A final interesting comment was made at the end of the call when Ravkaie referred to a Tier 1 carrier that was recently in their office in Tel Aviv, their “head of their NFV program spend hours with them”, he went “deep into their NFV strategy” and was interested in “partnering” and “co-creation of cutting edge stuff”.

The negative with the story is timing; we don’t know when the next deal signs and telecom providers are notoriously slow footed.  I felt like Ravkaie was cautious about timing, making the following comment on the second quarter call:

the next coming quarters is going to change some of these into deals, and again I can’t really comment on when it’s going to happen, and on exactly when is the next order is going to come in, because everything is so new, so it’s hard to predict. And because as of the end of the day, big solutions in the telecom’s environment, so it does take time

Nevertheless it remains a great story.  The stock has moved up strongly since earnings.  I’m not sure where it goes in the short run, it all depends on the “when” with the next deal, but I see no reason to believe they won’t get that next deal done at some point.

Willdan looks good

The single sentence story on Willdan is that the company had very strong second quarter results, beat estimates significantly, guided higher for the year, said on the conference call that they have signed contracts that will be deployed in 2017 that they just can’t announce yet, said that revenue in 2017 will show further sequential growth, and said that their micro-grid strategy is taking hold with “increasing evidence to suggest that overall spending on microgrids will increase significantly in the coming years and we are well positioned to capitalize on this emerging market opportunity.”

Willdan reminds me of Argan, which was a little engineering, procurement and construction company that I found on the Greenblatt Magic Formula list back in 2011 (I just checked and its still there!) when the stock was $8.   I bought the stock but sold it a few months later at $14.  Argan continued to run from single digits to almost $50 now on the back of successful growth of their engineering services.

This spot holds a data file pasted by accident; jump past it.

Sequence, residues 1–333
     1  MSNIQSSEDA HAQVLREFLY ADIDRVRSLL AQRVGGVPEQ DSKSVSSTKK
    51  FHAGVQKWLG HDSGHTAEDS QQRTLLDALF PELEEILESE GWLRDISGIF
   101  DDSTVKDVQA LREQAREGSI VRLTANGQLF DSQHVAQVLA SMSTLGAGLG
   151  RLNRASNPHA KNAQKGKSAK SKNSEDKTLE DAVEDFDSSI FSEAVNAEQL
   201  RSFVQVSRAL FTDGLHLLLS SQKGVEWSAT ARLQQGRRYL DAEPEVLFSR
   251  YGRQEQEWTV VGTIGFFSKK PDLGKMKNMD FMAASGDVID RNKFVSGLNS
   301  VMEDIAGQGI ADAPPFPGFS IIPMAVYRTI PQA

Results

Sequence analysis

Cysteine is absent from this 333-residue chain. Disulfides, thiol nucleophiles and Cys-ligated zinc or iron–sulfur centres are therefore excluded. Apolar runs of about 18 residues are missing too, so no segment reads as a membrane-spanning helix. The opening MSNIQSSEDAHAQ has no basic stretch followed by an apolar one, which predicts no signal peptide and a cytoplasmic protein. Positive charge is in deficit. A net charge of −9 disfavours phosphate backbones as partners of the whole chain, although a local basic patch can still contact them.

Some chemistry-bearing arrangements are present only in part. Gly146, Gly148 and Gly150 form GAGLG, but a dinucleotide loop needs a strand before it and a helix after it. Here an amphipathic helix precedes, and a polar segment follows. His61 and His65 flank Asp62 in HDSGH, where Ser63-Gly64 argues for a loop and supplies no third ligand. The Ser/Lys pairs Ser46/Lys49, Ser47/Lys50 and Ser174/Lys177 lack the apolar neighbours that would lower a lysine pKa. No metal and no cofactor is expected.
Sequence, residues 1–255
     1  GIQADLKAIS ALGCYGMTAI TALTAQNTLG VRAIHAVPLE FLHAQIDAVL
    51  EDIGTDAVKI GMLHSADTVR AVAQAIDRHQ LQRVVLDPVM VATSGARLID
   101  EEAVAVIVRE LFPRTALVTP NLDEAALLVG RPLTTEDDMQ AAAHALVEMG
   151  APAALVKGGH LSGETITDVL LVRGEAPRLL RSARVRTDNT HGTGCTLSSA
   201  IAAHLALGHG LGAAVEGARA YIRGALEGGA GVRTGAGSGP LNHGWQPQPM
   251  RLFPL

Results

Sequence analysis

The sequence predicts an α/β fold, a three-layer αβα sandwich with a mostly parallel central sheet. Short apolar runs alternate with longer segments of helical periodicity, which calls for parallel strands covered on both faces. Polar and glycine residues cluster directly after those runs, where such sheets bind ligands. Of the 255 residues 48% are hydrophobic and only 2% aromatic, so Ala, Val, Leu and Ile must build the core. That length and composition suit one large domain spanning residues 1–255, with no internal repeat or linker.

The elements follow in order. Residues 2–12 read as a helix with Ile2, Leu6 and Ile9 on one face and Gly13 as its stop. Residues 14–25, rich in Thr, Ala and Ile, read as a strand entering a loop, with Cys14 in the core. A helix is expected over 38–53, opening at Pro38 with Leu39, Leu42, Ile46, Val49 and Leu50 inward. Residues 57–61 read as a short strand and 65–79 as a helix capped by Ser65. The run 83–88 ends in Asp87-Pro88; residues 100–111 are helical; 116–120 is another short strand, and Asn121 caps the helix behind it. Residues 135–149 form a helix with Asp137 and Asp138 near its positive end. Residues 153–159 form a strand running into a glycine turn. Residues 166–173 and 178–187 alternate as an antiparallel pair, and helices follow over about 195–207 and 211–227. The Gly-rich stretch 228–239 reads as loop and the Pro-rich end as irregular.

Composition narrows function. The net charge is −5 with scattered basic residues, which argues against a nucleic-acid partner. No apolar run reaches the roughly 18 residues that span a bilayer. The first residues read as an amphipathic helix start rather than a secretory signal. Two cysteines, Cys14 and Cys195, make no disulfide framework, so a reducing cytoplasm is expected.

Argan demonstrates how engineering services can be very profitable if you have a team of the right professionals and you are delivering a service along the right trend.  I have said before that I think that we are on the cusp of changes to the power grid that will mirror what we saw first in computing and storage (ala the advent of the datacenter) and currently in telecom service providers (which is why Radcom and Radisys are my biggest positions).  If I am right about that Willdan is positioning itself to be in the middle of the build-out.

Oclaro was fine but Infinera made it a bit of a debacle

Oclaro had an excellent quarter, beating estimates and putting out strong growth guidance which was good news.  Unfortunately I only held about half the position that I had only a few days before.

I got turned around by a report out of Needham entitled “Optical Super Cycle”.  I don’t get Needham research, but I caught wind of a report they had in mid-July that described an optical upgrade super-cycle and managed to get my hands on it. Its compelling; the explosion of data is causing metro, long-haul and data-center interconnect to require upgrades simultaneously.

Its exactly the reason I am in Oclaro.  But after being convinced by Needham, I felt like I needed more.  So I went with one of their recommendations, a company called Infinera that seemed to be well positioned in long-haul, had the ability to take market share in metro, and wasn’t expensive compared to its peers.  No problem right?

Well Infinera announced results three days later and gave probably the worst guidance I have EVER seen.  Ever.   The company guided third quarter revenues of $180-$190 million versus Capital IQ consensus of $271 million.

This caused a couple of things to happen.  First I lost a large chunk of my investment in Infinera.  Second, it really shook my confidence in Oclaro, which is a much larger investment for me.  After some back and forth I decided to cut the position in Oclaro in half.